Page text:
Updated: Aug 10, 2020
I LOVE watching my quarter horse mare, Zena, executing a sublime collected canter. Her withers elevate and her hips sink toward the ground as she shifts her posture to achieve perfect longitudinal balance. Her canter pirouette, levade, and slow jog illustrate true excellence. My heart soars when she stretches long and low through her swinging back and moves in a lovely steady rhythm. She can curve her body like a cat, driving from behind as she moves laterally with awesome grace. She also has a killer rollback and sliding stop. The icing on the cake is she is supremely supple and completely relaxed while performing these maneuvers. She is also performs them enthusiastically and joyfully.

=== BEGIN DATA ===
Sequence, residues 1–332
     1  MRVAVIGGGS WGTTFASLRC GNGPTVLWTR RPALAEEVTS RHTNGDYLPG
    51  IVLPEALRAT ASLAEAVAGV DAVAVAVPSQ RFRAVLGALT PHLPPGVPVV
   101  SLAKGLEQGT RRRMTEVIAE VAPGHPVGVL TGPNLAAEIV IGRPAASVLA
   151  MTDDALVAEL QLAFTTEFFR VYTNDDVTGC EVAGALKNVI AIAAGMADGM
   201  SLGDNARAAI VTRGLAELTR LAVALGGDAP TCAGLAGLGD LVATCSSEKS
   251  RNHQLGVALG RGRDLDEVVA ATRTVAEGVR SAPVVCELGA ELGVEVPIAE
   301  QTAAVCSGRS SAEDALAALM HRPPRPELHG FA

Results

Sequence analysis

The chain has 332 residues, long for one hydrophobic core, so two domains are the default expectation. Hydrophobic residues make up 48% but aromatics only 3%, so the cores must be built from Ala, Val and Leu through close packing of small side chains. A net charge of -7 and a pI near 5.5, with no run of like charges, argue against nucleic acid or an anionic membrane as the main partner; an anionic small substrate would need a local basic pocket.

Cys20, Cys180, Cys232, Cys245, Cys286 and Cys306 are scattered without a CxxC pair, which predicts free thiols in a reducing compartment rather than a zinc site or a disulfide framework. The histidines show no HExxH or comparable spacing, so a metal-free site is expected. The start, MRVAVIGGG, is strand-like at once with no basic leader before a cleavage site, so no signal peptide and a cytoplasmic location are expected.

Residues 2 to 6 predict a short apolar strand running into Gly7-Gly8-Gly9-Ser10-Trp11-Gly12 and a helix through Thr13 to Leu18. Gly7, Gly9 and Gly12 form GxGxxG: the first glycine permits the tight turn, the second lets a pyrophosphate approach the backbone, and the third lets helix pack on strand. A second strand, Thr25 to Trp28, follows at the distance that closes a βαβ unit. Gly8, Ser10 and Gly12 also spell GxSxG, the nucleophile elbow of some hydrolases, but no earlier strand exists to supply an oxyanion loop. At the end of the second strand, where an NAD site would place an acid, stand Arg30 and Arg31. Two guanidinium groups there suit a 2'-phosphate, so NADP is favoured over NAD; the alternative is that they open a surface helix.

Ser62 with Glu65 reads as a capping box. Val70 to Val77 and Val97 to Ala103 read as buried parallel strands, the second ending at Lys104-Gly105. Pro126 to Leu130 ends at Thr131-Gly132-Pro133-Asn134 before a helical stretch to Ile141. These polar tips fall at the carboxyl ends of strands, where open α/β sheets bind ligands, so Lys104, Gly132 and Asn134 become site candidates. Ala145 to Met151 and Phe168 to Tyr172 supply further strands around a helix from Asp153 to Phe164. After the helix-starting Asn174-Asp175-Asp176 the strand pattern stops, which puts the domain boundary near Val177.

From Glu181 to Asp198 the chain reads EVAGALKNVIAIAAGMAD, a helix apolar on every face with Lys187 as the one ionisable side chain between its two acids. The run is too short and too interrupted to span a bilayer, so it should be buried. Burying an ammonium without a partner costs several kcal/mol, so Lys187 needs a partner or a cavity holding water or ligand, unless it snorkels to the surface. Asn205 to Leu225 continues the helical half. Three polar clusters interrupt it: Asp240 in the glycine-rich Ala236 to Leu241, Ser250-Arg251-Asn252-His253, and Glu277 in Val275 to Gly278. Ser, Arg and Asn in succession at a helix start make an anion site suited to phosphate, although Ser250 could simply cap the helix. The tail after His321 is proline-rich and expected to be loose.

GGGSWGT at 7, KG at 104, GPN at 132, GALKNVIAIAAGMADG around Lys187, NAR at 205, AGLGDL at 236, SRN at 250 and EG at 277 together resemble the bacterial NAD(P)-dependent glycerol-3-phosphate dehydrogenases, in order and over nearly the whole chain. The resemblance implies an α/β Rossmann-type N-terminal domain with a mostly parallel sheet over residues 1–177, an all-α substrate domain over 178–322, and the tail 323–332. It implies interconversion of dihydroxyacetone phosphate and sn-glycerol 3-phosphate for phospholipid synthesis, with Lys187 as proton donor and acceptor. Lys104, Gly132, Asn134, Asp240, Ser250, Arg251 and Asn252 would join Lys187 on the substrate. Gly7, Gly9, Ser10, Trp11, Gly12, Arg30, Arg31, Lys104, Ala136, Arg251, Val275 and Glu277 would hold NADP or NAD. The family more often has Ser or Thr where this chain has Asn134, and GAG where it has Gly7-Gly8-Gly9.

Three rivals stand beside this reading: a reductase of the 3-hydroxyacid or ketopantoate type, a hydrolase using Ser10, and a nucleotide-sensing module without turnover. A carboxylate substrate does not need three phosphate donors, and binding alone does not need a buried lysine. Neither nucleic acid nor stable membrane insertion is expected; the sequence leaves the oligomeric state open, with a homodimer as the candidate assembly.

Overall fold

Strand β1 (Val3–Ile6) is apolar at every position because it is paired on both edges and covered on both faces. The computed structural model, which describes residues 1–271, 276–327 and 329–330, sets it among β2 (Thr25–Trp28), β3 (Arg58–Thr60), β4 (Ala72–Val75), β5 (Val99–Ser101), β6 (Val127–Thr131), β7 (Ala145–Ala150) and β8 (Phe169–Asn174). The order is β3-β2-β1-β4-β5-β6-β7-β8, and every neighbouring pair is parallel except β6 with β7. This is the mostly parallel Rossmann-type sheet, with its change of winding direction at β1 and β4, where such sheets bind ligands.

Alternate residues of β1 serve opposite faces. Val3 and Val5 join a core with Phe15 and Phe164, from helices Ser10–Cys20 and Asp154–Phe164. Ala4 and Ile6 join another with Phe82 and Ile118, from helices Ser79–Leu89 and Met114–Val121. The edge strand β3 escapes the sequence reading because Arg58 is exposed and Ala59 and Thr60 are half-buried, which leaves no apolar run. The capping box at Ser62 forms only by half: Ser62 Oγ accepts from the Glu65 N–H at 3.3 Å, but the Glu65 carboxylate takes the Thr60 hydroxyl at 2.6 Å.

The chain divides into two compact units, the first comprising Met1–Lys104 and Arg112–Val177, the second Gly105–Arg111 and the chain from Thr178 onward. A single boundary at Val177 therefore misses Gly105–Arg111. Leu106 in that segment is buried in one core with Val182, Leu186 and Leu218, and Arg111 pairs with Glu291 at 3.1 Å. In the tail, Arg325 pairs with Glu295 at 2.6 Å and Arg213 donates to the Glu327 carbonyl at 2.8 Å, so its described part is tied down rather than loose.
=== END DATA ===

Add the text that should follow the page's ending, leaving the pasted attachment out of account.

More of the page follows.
I wish I could say that she and I have achieved these accomplishments together, but she doesn't need me at all to display her athleticism. She demonstrates these intricate and beautiful maneuvers nearly every day in her pasture while she's playing or avoiding a pestering pasture-mate. This is the coolest thing about our horses: They can already do everything we want them to! Sidepass, leg yield, half pass, spins, flying changes, etc are just waiting for us. I think it was Michelangelo who said the masterpiece already existed within the untouched block of marble. All he had to do was chip away at the excess stone that surrounded it. That's our job: to create the space and circumstances for our horses to reveal their natural talents. Easy right? Not at all. It takes time, skill, and practice to prepare a horse just to carry a rider in balance and comfort. Even developing the strength and carriage to travel downhill safely and comfortably (to reduce stress and strain) on the trail with a rider astride requires proper conditioning and clear communication between rider and horse. Executing the complex shifts in balance and posture for more advanced movements requires even greater depth of knowledge, sensitivity, and skill. On the other hand, devoting energy toward "making" our horses perform is counterproductive and a sign that we are working against our horse's true nature. We shouldn't have to work hard if our horse can already do what we ask, right? Instead we should focus on developing the language we need to communicate clearly and conditioning our horse for the tasks we'd like her to carry out. When riding is as it should be, it is effortless. By allowing (and I know how hard it is for we controlling humans to allow instead of control!!), freedom of thought and movement, we allow balance, strength, and suppleness to emerge, and allow our horses to express their true nature. If we find that we are struggling with our horse, we may be asking for more than she has been physically or mentally prepared to do, or more than her conformation or comfort allows. We may have a horse that is in an emotional state that is overriding her ability to focus and relax, making it difficult for her to stay connected and fully utilize her body. The highest level of performance requires your horse to be physically and emotionally balanced. That fosters deeper levels of cooperation, and willingness in addition to enriching your horse's life experience. We have to learn how to stay out of our horse's way so she will share her amazingly beautiful abilities with us, but we also have to prepare her body and minds to do so. That is the fun part! That is the life-long endeavor to achieve the goal of perfect balance between creating and allowing. That is also where the hard work and training comes in, but the payoff is huge and totally worth the effort - two species working together to create something truly magical.